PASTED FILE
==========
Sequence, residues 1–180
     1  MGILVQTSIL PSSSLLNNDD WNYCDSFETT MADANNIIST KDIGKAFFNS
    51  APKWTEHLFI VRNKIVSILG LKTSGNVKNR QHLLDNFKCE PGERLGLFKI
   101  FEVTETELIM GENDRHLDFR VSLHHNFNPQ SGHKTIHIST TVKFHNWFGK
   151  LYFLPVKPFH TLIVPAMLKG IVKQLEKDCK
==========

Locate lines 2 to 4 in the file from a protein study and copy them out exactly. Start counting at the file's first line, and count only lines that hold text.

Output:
     1  MGILVQTSIL PSSSLLNNDD WNYCDSFETT MADANNIIST KDIGKAFFNS
    51  APKWTEHLFI VRNKIVSILG LKTSGNVKNR QHLLDNFKCE PGERLGLFKI
   101  FEVTETELIM GENDRHLDFR VSLHHNFNPQ SGHKTIHIST TVKFHNWFGK